Affordability and cost of living is a top issue in this campaign, according to a recent Ipsos poll, with 27 per cent of respondents citing it as a top election issue. Only health care, at 35 per cent, was more popular.
Liberal Leader Justin Trudeau, hoping to move past the recent blackface controversy, announced Sunday that if re-elected, he would make the first $15,000 of income tax free for most Canadians. The Liberals said they would accomplish this by raising the basic personal income tax amount by almost $2,000 by 2023 for people earning under $147,000 a year — saving the average Canadian roughly $292 a year.
Currently, Canadians don’t pay income tax on the first $12,309 earned. That would increase to $13,229 under the Liberal plan and $15,000 by 2023, according to the party.
The Liberals have yet to release independent costing from the parliamentary budget officer, but an analysis by Kevin Milligan, economics professor at the University of British Columbia, pegged the cost of the plan at $5.6 billion. According to his analysis, the Liberals’ policy would see roughly 690,000 Canadians stop paying federal income taxes and lift 38,000 Canadians above the poverty line.
Trudeau’s proposal comes just a week after Conservative Leader Andrew Scheer announced his “universal tax cut” on the lowest income bracket — on income up to $47,630 — from 15 per cent to 13.75 per cent over four years.
The plan — priced at $5.9 billion by the PBO — could save the average single taxpayer as much as $444 per year and a two-income couple (a male and a female in this case) could save more than $860, according to Scheer.
University of Calgary economics professor Trevor Tombe said that while the two plans cost roughly the same, the key difference depends on level of income.
“The Liberals’ increase to the basic exemption is phased out starting at the second to highest tax bracket [$147,667 to $210,371],” Tombe said. “If you earn more than $210,00 a year, you won’t see any change in your basic exemption.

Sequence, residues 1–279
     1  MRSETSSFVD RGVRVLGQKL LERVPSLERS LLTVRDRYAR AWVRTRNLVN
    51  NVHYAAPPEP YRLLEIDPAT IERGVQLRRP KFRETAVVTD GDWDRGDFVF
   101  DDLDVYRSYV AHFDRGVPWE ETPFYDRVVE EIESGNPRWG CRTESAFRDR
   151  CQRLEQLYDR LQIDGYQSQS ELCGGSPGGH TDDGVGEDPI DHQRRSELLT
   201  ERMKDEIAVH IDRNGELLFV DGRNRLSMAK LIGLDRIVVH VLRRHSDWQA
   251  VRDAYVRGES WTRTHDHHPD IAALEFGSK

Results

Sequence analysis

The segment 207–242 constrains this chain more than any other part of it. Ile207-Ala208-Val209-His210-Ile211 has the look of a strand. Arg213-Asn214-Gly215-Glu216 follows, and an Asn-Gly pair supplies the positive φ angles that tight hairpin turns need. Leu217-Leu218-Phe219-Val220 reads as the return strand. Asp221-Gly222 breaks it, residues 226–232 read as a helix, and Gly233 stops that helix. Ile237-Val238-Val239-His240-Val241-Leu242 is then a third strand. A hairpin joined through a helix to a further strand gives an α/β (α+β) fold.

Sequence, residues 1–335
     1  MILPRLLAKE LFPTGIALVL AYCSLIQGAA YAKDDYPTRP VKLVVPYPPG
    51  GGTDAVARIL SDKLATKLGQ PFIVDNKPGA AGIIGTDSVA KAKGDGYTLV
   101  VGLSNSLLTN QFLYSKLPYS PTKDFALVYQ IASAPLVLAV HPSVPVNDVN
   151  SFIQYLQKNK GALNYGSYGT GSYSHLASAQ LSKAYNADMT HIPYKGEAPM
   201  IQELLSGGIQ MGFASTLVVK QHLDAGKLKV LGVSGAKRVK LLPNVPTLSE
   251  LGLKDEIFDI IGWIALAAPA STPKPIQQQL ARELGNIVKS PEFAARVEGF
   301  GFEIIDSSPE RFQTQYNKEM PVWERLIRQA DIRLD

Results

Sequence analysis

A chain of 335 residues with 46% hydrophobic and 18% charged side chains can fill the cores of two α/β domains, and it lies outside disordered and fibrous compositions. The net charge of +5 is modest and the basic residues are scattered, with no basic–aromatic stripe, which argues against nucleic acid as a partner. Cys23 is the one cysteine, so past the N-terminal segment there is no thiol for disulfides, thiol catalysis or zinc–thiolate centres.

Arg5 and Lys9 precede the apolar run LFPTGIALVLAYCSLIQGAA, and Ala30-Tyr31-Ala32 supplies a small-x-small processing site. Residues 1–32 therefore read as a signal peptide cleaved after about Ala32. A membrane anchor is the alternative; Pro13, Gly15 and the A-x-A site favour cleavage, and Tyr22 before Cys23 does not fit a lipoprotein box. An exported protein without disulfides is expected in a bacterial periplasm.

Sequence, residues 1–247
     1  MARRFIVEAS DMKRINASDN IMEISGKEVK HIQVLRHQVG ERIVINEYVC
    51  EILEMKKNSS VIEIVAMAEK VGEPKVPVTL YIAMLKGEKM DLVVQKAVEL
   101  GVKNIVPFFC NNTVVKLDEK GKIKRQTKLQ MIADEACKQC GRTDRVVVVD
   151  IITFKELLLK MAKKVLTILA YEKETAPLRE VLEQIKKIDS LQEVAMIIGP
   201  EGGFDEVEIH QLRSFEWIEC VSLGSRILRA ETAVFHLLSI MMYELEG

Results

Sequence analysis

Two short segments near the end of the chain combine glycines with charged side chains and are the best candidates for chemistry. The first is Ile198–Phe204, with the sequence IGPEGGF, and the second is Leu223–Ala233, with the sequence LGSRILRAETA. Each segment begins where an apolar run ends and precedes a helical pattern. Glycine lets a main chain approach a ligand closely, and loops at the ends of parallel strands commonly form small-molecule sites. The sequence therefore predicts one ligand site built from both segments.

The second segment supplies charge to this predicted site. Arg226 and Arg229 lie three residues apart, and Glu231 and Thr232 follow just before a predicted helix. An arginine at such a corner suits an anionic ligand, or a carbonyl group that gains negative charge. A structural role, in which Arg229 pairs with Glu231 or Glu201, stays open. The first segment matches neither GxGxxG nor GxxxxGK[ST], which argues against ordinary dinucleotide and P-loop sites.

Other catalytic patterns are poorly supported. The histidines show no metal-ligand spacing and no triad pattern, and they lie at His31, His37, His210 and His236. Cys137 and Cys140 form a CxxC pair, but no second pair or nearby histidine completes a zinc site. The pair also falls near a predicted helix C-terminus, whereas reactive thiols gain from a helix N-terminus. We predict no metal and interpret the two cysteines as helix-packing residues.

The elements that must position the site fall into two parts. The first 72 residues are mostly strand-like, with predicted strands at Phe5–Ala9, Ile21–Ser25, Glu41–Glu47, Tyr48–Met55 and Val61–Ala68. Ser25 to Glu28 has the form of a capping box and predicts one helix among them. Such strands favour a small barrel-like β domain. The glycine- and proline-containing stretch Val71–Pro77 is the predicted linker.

“This is almost universal coverage, it’s just excluding the one or two per cent of top federal income tax filers.”
While both parties have promised to help the middle class, defining what that means exactly is often unclear. According to the latest available data from Statistics Canada, the median income in 2017 was $33,000 while the median income for a family was $112,000.
Tombe said that while the Conservative plan affects nearly everyone who pays taxes, you have to be earning $47,630 or more to save the maximum amount the cut would offer. According to the Canada Revenue Agency, more than nine million of the nearly 28 million people who filed taxes in 2017 had no federal income liability.
Under the Liberal plan, Tombe found the biggest percentage change in disposable income would go to families earning between $40,000 and $80,000. Meanwhile, the Tories’ tax plan would see families earning between $80,000 and $150,000 receive the biggest change in disposable income percentage.
Moshe Lander, an economist with Montreal’s Concordia University, said the Liberals are focusing more on the lower end of the income distribution, while the Conservatives are focusing on the higher end.
However, Lander said that neither proposal is “good economic policy” with the Canadian economy running at near capacity and unemployment at record low levels.
“The are good vote winners, but from an economic standpoint they both fail the smell test as good policy,” Lander said. “Tax cuts are usually not the appropriate thing to do when you’re at capacity.
“What you want right now is fiscal responsibility and neither party, let alone the NDP or Green Party, are showing signs of that.”
When it comes to taxes, the Greens have said they would increase corporate tax rates from 15 to 21 per cent and would create a Federal Tax Commission to ensure the tax system is fair and accessible.
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The New Democrats have pledged to hike the rate for capital gains tax (profits from stocks or the sale of properties) from 50 to 75 per cent. They also want to hike the top federal personal income tax rate from 33 to 35 per cent and impose a one per cent wealth tax on those making more than $20 million.
Lander also criticized the Liberals for failing to be transparent as they have failed to release PBO estimates for the more than $4 billion worth of campaign promises they’ve made to date.
“It’s ironic,” he said, given the Trudeau government vowed to expand the mandate of the PBO to include campaign cost estimates. “Why would you try and avoid transparency unless daylight is going expose something much worse?”
With the campaign now entering its second week, the Conservatives have had 12 items costed by the PBO, the NDP three, the Greens two and Grits zero.
Meanwhile, Trudeau has said his campaign will release a fully costed platform, along with the PBO’s analysis of big-ticket items, “in the coming weeks.”
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